Feeds

Hands on with Acer's 3D laptop

Polarising specs at the ready...

The Power of One Brief: Top reasons to choose HP BladeSystem

First Look Acer will enter the record books today by releasing the world’s first 3D-capable laptop. So Register Hardware caught-up with the firm behind the technology – Dynamic Digital Depth – to discover how 3D content will look on Acer’s machine.

The 15.6in Acer Aspire 5738DZG 3D laptop has a screen that is coated with a thin 3D film. You wear polarising glasses rather than active shutter or red and green anaglyph glasses.


Can't see the video? Download Flash Player from Adobe.com

DDD’s TriDef software, which can be used with any GPU, facilitates playback of both 2D and 3D content, company President Chris Yewdall told Register Hardware.

Our initial response to the on-screen 3D display was good and - despite it only being capable of a 720p resolution – the content was clear, crisp and vibrant.

The depth of the 3D image displayed depends heavily on the screen’s tilt angle. Angle the screen too far forward or too far back and you’ll probably only see a blurred 2D image – as you do when you take the glasses off altogether.

While the laptop is supplied with a stylish and light pair of polarising glasses, Yewdall claimed that opticians aren't too far away from offering to make up prescription 3D glasses. In the short-term, though, DDD can also supply a pair of clip-on polarising specs.

Asus_3D_02

Converting 2D into 3D is as simple as right click with TriDef

Acer’s 5738DG won’t display everything in 3D, so you can forget browsing through Windows 7’s icons in 3D or jazzing up Excel with 3D spreadsheets. TriDef is largely limited to media content.

TriDef enables almost any 2D content to be transformed into 3D, Yewdall explained, as he took us through a slideshow of 2D photos converted into 3D. He also showed us a selection of movies and games that TriDef converted into 3D.

For the user, this conversion process is as simple as right-clicking on say, a JPEG, and selecting “Play with TriDef Media Player”.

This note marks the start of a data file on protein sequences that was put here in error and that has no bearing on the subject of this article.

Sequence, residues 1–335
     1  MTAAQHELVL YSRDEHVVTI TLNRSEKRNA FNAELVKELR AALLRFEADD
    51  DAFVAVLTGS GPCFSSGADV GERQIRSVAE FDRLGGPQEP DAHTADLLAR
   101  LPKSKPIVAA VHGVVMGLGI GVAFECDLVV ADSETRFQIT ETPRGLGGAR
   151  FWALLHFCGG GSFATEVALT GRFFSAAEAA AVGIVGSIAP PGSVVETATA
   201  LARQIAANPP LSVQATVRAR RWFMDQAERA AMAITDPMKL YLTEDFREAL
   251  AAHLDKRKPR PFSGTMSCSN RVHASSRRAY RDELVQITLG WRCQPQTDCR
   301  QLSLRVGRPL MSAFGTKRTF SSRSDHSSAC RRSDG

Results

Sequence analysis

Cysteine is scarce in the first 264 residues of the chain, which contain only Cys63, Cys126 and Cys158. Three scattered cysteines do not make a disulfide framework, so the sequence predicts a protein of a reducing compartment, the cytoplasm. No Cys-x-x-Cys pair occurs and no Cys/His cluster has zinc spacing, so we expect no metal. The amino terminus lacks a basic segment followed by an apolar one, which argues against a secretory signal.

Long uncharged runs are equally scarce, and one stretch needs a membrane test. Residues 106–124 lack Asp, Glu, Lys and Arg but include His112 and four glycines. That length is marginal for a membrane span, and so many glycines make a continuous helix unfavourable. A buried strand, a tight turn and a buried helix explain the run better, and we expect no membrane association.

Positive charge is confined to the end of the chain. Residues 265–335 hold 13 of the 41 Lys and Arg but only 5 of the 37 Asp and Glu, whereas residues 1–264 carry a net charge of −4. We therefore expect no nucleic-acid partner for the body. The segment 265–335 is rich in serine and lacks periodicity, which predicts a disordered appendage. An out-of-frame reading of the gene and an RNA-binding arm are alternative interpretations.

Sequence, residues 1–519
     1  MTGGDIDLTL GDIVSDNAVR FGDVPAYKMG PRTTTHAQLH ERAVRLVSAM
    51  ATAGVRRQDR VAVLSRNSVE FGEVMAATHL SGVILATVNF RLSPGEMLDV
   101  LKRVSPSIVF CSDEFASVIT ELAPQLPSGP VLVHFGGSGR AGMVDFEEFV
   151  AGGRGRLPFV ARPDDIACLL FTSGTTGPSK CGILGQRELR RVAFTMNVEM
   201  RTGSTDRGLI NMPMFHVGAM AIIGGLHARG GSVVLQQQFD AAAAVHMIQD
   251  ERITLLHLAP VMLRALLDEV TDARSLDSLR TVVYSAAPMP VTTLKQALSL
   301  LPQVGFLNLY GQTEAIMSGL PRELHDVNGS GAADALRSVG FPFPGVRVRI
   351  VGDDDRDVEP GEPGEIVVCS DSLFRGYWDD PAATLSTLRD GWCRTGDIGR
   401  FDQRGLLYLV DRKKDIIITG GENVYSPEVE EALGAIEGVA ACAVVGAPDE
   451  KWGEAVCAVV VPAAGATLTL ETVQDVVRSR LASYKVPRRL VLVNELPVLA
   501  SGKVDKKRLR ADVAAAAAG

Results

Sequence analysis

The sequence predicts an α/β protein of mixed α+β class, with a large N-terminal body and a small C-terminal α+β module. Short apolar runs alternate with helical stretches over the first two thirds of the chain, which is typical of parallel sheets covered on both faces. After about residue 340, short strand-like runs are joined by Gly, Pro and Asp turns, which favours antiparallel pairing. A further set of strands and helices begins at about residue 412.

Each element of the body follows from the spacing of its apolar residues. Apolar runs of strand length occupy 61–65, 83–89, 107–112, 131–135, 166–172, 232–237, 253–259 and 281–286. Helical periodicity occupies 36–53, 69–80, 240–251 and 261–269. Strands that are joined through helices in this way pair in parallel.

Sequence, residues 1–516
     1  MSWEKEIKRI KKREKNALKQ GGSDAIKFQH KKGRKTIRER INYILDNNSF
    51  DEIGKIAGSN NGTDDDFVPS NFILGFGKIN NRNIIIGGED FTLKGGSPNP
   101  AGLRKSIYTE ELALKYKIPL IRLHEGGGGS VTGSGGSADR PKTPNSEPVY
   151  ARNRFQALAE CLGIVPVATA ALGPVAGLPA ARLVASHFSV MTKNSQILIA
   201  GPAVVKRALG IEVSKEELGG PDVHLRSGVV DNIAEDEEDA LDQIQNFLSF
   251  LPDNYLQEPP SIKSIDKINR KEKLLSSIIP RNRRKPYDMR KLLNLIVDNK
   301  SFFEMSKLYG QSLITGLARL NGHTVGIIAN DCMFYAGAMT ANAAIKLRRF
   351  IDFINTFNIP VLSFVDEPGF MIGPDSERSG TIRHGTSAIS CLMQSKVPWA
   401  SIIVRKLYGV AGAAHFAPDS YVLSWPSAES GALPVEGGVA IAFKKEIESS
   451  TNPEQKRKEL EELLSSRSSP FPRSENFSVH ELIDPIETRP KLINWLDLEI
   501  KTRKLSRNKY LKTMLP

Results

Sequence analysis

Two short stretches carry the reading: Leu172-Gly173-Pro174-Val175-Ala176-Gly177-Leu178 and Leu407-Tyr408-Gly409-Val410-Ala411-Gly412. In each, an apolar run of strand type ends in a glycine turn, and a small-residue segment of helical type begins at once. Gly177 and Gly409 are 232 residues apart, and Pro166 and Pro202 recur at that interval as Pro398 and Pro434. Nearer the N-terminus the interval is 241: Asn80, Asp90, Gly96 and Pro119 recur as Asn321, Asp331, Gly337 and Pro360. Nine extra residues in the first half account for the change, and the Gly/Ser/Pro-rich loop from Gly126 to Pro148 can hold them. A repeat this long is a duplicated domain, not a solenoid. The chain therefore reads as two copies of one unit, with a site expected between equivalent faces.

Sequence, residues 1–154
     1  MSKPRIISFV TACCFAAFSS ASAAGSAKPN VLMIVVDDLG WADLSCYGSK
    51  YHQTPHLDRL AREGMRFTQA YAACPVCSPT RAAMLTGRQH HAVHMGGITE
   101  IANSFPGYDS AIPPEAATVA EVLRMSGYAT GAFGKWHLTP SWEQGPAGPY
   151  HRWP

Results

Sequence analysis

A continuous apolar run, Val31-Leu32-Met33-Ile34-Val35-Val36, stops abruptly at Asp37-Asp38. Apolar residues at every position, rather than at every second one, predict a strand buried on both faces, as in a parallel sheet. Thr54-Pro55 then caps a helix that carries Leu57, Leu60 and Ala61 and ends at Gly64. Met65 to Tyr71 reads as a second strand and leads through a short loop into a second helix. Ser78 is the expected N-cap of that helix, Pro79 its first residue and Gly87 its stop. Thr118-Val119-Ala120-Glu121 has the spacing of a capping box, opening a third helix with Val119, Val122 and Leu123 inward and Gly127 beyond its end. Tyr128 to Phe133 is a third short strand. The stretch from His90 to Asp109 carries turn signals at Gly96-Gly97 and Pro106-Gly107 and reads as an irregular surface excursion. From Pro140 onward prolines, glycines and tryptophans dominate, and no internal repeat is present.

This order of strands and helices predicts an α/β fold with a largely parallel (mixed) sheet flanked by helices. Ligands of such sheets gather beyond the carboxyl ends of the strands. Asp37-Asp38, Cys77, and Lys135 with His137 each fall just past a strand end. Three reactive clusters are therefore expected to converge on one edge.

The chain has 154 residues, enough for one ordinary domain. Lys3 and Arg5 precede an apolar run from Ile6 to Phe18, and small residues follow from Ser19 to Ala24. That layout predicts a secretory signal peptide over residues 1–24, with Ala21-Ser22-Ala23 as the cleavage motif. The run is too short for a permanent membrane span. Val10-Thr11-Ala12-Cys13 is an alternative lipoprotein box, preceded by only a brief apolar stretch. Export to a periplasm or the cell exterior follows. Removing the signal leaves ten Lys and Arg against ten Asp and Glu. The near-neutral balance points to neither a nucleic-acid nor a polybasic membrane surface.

The difference in 3D quality between a film and JPEG or videogame was negligible, in our opinion.

Using blade systems to cut costs and sharpen efficiencies

More from The Register

next story
Report: American tech firms charge Britons a thumping nationality tax
Without representation, too. Time for a Boston (Lincs) Macbook Party?
Child diagnosed as allergic to iPad
Apple's fondleslab is the tablet dermatitis sufferers won't want to take
Microsoft takes on Chromebook with low-cost Windows laptops
Redmond's chief salesman: We're taking 'hard' decisions
For Lenovo US, 8-inch Windows tablets are DEAD – long live 8-inch Windows tablets
Reports it's killing off smaller slabs are greatly exaggerated
Cheer up, Nokia fans. It can start making mobes again in 18 months
The real winner of the Nokia sale is *drumroll* ... Nokia
Seventh-gen SPARC silicon will accelerate Oracle databases
Uncle Larry's mutually-optimised stack to become clearer in August
prev story

Whitepapers

Seven Steps to Software Security
Seven practical steps you can begin to take today to secure your applications and prevent the damages a successful cyber-attack can cause.
Consolidation: The Foundation for IT Business Transformation
In this whitepaper learn how effective consolidation of IT and business resources can enable multiple, meaningful business benefits.
Designing a Defense for Mobile Applications
Learn about the various considerations for defending mobile applications - from the application architecture itself to the myriad testing technologies.
Build a business case: developing custom apps
Learn how to maximize the value of custom applications by accelerating and simplifying their development.
Consolidation: the foundation for IT and business transformation
In this whitepaper learn how effective consolidation of IT and business resources can enable multiple, meaningful business benefits.